27 Feb 2024
 | 27 Feb 2024

Earthquakes triggered by the subsurface undrained response to reservoir-impoundment at Irapé, Brazil

Haris Raza, George Sand França, Eveline Sayão, and Victor Vilarrasa

Abstract. The necessity to reduce carbon emissions to mitigate climate change is accelerating the transition from fossil fuels to renewable energy sources. Specifically, hydropower, in particular, has emerged as a prominent and safe renewable energy source but entails reservoir-triggered seismicity (RTS). This phenomenon causes significant challenges for safe reservoir management. Irapé, in Brazil, is a prominent RTS site where seismicity surged after reservoir filling, with a maximum event of magnitude 3.0 in May 2006, just six months after the start of reservoir impoundment. Despite more than a decade has passed since the seismicity occurred, the factors governing these earthquakes and their connection to subsurface rock properties remain poorly understood. Here, we attempt to understand the potential causes of RTS at Irapé dam, which is the highest dam in Brazil with 208 m, and the second highest in South America. Permeability and porosity measurements of cylindrical cores from hard and intact rock samples, which have been extracted near the RTS zone, by pitting 10 cm from the surface, reveal a low-permeability rock. Porosity values range from 6.340 to 14.734 %. Only 3 out of the 11 tested samples present permeability higher than the lowest measurable value of the apparatus (0.002 mD), with the highest permeability being 0.0098 mD. The undrained response of the low-permeability rock placed below the reservoir results in an instantaneous increase in pore pressure and poroelastic stress changes due to elastic compression, which brings potential faults located below the reservoir closer to failure conditions. According to our analytical calculations, the increase in 136 m of the reservoir-water level caused a 0.54 MPa pore pressure buildup at the depth of the Magnitude 3.0 earthquake, i.e., 3.88 km, resulting in an increase of 0.82 MPa in the vertical effective stress and a decrease of 0.34 MPa in the horizontal effective stress. These changes resulted in an increase in the deviatoric stress that led to fault destabilization, causing the RTS. The laboratory measurements and analytical calculations corroborate the hypothesis that the initial seismic activity was induced by the undrained subsurface response to the reservoir loading at Irapé.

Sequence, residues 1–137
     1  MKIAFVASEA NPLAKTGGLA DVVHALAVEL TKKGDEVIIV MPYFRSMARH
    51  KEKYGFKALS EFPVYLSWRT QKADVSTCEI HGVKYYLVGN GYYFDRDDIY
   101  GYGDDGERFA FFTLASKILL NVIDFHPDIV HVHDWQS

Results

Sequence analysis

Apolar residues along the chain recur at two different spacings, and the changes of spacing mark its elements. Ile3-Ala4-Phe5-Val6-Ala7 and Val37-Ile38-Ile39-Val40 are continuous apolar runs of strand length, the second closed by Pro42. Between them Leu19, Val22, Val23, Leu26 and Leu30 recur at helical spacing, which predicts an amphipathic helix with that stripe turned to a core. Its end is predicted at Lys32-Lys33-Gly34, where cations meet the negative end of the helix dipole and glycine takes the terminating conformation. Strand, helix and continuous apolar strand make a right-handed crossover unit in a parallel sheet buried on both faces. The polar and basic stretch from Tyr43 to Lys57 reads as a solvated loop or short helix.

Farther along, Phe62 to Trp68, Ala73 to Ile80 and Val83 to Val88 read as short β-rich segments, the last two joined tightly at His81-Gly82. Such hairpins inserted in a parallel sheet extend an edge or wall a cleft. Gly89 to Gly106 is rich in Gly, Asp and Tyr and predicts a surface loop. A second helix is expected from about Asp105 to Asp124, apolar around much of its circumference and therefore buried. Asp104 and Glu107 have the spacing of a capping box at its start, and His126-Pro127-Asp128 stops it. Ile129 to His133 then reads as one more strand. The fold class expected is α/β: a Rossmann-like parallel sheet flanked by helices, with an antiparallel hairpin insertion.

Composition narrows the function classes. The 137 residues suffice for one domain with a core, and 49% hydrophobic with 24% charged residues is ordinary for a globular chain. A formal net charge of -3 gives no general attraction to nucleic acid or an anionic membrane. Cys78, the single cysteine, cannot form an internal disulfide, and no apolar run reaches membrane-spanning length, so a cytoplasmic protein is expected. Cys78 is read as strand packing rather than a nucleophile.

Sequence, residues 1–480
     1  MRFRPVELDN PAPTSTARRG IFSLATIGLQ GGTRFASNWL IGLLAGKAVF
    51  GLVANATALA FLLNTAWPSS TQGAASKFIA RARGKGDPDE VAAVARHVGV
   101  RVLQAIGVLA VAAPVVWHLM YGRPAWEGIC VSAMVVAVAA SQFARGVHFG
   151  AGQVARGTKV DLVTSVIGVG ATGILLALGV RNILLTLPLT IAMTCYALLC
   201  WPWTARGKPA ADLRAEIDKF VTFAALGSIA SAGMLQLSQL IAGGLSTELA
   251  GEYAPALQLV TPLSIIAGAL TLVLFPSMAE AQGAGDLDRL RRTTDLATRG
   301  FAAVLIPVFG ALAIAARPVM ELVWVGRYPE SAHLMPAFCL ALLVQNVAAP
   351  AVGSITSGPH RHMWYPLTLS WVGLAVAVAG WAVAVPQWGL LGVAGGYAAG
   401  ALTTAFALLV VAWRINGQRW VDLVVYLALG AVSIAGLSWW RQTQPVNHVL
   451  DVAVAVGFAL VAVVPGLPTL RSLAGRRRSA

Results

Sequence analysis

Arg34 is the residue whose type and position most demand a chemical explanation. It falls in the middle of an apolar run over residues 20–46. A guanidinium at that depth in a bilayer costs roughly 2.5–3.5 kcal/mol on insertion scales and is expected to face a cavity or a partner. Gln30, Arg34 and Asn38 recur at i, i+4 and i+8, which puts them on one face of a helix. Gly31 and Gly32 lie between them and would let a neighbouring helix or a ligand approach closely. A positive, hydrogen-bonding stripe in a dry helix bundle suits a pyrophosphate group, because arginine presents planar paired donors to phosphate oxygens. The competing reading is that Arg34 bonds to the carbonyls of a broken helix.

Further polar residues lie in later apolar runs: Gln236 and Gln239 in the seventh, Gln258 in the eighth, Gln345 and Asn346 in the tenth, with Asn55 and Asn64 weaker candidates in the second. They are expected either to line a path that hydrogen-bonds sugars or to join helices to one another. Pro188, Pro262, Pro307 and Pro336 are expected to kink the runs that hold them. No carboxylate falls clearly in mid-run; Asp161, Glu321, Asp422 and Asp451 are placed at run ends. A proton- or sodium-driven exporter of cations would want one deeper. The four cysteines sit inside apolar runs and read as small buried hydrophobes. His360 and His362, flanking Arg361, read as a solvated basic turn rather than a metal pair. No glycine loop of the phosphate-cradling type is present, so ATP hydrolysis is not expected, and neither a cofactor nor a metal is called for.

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Haris Raza, George Sand França, Eveline Sayão, and Victor Vilarrasa

Status: final response (author comments only)

Comment types: AC – author | RC – referee | CC – community | EC – editor | CEC – chief editor | : Report abuse
  • CC1: 'Comment on egusphere-2024-166', Giacomo Medici, 14 Mar 2024
  • RC1: 'Comment on egusphere-2024-166', Anonymous Referee #1, 03 Apr 2024
  • RC2: 'Comment on egusphere-2024-166', Nikita Bondarenko, 24 May 2024
Haris Raza, George Sand França, Eveline Sayão, and Victor Vilarrasa
Haris Raza, George Sand França, Eveline Sayão, and Victor Vilarrasa


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Short summary
To achieve Paris Agreement goals, emissions reduction is prioritized. Hydropower, a key renewable, faces challenges, like reservoir-triggered seismicity (RTS). Core samples show 6.34–14.734 % porosity, max 0.0098 mD permeability. A 136m reservoir rise causes 0.54 MPa pore pressure increase. Vertical stress rises 0.82 MPa, horizontal drops 0.34 MPa. Irapé's RTS links to the undrained response of reservoir loading, These facts urge sustainable energy strategies and future development of dams.